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Shopping in Brazil: Eu levo

You’ve just entered a clothing store in Brazil. Most likely, one of the sales clerks on the floor will immediately rush over to meet you. It will usually be someone your opposite sex. The clerk will try to be your instant friend and ask you where you are from and try to say whatever english…

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Read this before you fly: Portuguese Travel Phrases

The airport is a great place to start practicing your Portuguese. Most airline staff are bilingual and will be very forgiving of your mistakes and accent. Just go for it and apologize later. Let’s do a typical check-in dialog: AGENTE: Bom dia senhor. Passaporte, por favor. PASSAGEIRO: Aqui está. Eu vou para Recife. AGENTE: O…

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What number are you?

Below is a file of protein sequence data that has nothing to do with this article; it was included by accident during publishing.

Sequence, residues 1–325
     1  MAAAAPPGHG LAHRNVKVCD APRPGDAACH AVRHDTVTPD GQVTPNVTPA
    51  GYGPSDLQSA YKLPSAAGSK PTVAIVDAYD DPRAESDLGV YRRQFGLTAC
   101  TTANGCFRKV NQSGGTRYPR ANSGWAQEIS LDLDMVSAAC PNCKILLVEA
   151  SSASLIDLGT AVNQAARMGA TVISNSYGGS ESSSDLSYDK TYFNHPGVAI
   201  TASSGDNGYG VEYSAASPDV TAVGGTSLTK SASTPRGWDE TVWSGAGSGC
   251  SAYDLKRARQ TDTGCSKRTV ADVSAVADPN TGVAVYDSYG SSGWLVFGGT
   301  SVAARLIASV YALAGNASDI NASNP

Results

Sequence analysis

Are they calling you a ‘nota dez’ or simply a ‘um-sete-um’ -? You better know. Brazilians love to use numbers with hidden meanings. Let’s look at the most common; zero = brand, spanking, new. > Ele ganhou um carro zero para trabalho. 10=  really, really good. > Ela é linda, inteligente e simpatica — Ela…

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Ordering in Portuguese

I had a tough time getting used to the way Brazilians order things – at restaurants, pharmacies, hotels – wherever. For some reason, I was expecting a little more politeness in the language – ESPECIALLY when ordering in Portuguese. I’d like a large iced-coffee, please In Brazil you are going to say, Give me a…